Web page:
Leonard A. Grimes Historical Marker
Backstory and Context
Leonard Andrew Grimes was born to free parents on November 9, 1815, in Leesburg, Virginia. He became an orphan at ten years old and was sent to live with his uncle. His life there was not a good one and he refused to return. He moved to Washington D.C. and had several jobs during the beginning of his time there. He first worked as a butcher’s boy and a clerk at an apothecary before he was eventually hired by a slaveholder. During his employment with the slaveholder, he became his trusted confidant and traveled the south with him.
It was during this employment and travel that he witnessed the beating of an enslaved woman and started him on his path of resistance. When they returned from that trip he was able to help with his first escape. An abused slave fled to his employer’s plantation and he helped her begin her escape to Canada. Grimes then used his savings to buy a couple of stagecoaches and horses and became a successful hackman. He grew his business by transporting paying clients of the city while using his stagecoaches as transportation for fugitive slaves through the Underground Railroad.
He married in 1833 and purchased a home with his wife in 1836. This marker is located at the site of the house they owned until 1846. While living in Virginia he continued working with the Underground Railroad until he was caught. In 1839 he helped a female slave escape to the North with her children and was arrested for his role several months later. In 1840 he was sentenced to a $100 fine and two years of hard labor.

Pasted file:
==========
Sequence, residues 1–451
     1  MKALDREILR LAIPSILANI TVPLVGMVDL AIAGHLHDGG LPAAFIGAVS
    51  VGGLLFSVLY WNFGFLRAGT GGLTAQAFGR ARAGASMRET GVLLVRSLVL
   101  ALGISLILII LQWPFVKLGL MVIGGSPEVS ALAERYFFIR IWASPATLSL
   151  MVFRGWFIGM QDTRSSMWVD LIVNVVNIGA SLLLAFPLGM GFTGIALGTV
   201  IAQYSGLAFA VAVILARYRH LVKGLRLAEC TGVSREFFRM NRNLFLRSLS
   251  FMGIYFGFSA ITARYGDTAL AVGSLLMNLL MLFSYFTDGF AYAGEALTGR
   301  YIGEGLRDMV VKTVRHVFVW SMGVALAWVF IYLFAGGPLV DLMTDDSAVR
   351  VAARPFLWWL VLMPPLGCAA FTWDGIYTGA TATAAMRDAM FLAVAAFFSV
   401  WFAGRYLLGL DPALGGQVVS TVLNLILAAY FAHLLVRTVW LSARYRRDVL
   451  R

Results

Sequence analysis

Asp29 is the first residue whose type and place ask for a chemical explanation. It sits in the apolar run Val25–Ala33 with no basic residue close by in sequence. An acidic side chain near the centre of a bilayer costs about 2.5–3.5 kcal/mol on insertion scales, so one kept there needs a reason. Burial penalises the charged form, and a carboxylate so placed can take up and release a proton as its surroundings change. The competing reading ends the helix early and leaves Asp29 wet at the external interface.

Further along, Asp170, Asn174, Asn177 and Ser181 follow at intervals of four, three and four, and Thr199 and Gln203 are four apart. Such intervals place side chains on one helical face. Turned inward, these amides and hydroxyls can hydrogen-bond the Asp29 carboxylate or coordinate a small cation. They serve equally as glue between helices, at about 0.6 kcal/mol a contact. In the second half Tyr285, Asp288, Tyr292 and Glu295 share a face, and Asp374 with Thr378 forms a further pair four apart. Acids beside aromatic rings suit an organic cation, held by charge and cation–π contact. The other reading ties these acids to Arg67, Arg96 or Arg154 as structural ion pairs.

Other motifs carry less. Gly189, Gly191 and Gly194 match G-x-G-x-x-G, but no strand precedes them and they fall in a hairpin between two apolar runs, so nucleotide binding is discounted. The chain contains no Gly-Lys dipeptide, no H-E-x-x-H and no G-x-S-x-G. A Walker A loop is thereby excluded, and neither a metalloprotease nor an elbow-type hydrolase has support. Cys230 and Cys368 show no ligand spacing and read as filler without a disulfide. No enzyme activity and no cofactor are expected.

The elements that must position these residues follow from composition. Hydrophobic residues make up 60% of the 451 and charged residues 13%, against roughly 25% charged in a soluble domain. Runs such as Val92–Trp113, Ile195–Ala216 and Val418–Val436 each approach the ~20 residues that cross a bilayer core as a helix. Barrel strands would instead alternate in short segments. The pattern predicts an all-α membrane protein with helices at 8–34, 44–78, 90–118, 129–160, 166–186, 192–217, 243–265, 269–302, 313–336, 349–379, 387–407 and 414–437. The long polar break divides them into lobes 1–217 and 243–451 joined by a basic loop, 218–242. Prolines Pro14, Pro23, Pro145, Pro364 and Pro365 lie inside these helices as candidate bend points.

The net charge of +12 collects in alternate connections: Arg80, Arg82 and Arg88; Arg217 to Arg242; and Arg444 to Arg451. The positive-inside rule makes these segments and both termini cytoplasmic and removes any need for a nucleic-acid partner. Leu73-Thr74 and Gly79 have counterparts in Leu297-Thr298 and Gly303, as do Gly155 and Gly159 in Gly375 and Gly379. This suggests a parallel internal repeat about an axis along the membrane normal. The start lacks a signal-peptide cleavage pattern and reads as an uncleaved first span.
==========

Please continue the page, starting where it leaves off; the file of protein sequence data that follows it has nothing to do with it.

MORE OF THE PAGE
After he was released from prison they moved to New Bedford, Massachusetts but did not give up his anti-slavery efforts. In 1848 Grimes and his family moved to Boston, Massachusetts where he became the ordained minister of the Twelfth Baptist Church, which became known as The Fugitive Slave Church. One of the notable action he took during his time here was to take in fugitive slave Anthony Burns in 1854. When Burns was arrested Grimes helped lead his fight in court but the judge ordered Burns return to the slaveholder from whom he escaped. Grimes turned to another method and raised enough money to purchase his freedom and free Burns from slavery.
Grimes continued his quest to abolish slavery by helping slaves escape to the North. When the Civil War started, he added campaigning to allow black men to enlist in the military to fight for their rights. His, and others, efforts were successful in 1863 when the 54th Massachusetts Infantry, one of the first black troops was created. Leonard A. Grimes passed away on March 14, 1873, after a sudden illness.
Leonard Grimes. National Park Service. September 14, 2017. Accessed September 15, 2018. https://www.nps.gov/people/leonard-grimes.htm.
Stevens, Charles Emery. Anthony Burns A History: Electronic Edition.. Documenting the American South. . Accessed September 20, 2018. https://docsouth.unc.edu/neh/stevens/stevens.html.